Combat veterans suffer a form of psychosis that is
caused not by biology but by stress.
For these people I think that there is an excellent case for using medication to treat their distress and to provide a degree of respite from their symptoms but that’s not the same as cure. That’s one thing I do disagree with traditional psychiatry about…
I believe in recovery.
Happily though, so do many modern psychiatrists. People like me who advocate recovery aren’t so much joining the mainstream as the mainstream is catching up. That’s a nice feeling.
There are, of course many people who argue vehemently that psychiatry is flawed and that medication should never be ‘used on’ mentally ill people. However, sincere though I’m sure these people are, they may well fall into the same trap as the overly zealous arguments in favour of medication. They may be too general.
Just as not all cases of psychosis seem likely to be chemical, so not all cases need necessarily be purely stress related. Whether the argument is in favour of medication or against it there is a real problem with polarisation and over-generalisation in mental health care. The disadvantage of these ‘black or white’ arguments is that they assume that everyone is the same and that everyone needs the same sort of intervention.
This sort of one-sidedness can feel easy and comfortable for those doing the arguing but there’s a price to be paid for superficial reasoning. The price is poor treatment because of flawed assumptions that compare chalk and cheese and assume that they are the same thing.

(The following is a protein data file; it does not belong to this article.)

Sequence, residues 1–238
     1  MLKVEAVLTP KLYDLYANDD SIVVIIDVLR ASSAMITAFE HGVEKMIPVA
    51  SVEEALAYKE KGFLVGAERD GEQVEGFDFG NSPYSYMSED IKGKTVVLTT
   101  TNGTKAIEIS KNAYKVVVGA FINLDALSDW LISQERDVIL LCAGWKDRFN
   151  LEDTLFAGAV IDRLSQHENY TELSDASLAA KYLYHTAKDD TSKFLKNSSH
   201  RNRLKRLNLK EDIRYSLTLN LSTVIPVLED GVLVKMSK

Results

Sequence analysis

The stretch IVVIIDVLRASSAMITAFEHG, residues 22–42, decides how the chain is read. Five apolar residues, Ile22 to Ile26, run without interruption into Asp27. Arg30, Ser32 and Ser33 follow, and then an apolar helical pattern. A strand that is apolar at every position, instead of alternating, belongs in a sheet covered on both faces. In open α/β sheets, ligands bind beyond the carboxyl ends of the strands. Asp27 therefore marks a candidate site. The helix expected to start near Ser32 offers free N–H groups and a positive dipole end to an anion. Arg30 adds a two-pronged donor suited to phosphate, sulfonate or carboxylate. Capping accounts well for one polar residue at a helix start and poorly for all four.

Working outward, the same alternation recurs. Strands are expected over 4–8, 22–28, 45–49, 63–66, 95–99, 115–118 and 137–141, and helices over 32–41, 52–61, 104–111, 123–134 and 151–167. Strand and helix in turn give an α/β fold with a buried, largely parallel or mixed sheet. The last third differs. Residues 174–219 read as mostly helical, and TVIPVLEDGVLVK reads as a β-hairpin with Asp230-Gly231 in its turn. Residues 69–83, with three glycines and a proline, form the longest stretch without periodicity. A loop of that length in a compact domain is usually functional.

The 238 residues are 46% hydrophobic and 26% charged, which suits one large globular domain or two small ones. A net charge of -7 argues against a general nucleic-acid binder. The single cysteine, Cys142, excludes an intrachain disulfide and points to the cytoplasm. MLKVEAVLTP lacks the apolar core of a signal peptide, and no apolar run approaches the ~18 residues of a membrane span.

And that price is not generally paid by the individuals doing the arguing. It is paid by the mental health service-user whose options for recovery are limited not by ignorance but by stubborn refusal on both sides of the argument to look beyond their own, pet theories.
If I seem a little hard-nosed about this it’s for good reason. I was trained in the traditional way where medication and unquestioning acceptance of the biological hypothesis were everything. I was at the extreme ‘medical’ end of the continuum.
Then I was lucky enough to be selected for further training at the Post Graduate level. I spent two years part time being exposed to the other side of the argument and, like many of my peers, became just as rabid in my defence of social and psychological perspectives instead. I was for a while the typical antipsychiatrist (or more accurately ‘antipsychiatric nurse’). And that felt good.
Today I’ve moved on a little from either of those two positions. Now I am able to see past the partisan posturing of either side and I try to walk the middle line. It seems to me that balance is everything. Isn’t that usually the case in the real world?
I no longer see much of a place for extremism in
mental health care – especially when those
who pay the price are not the ones making the arguments.
Please don’t misunderstand me though. I am far from an apologist for the biomedical status quo. I believe that biomedical psychiatry may well have something positive to offer psychotic individuals in relation to symptom management but in most cases that’s about all. I think that true recovery is generally achievable in other ways. But that’s for a different post.
Posted on 7:28am Friday 30th Mar 2012
Part 12 of 'The Mental Health Workers' Guide' covers the third in the ‘big 3’ trilogy of psychotic symptoms: Thought disorder.
Thought disorder is, for many people, the most difficult to understand. Unlike delusions which are all about ‘what’ we think, thought disorders are about ‘how’ we think. It’s thought process, not thought content.
Posted on 7:24am Friday 23rd Mar 2012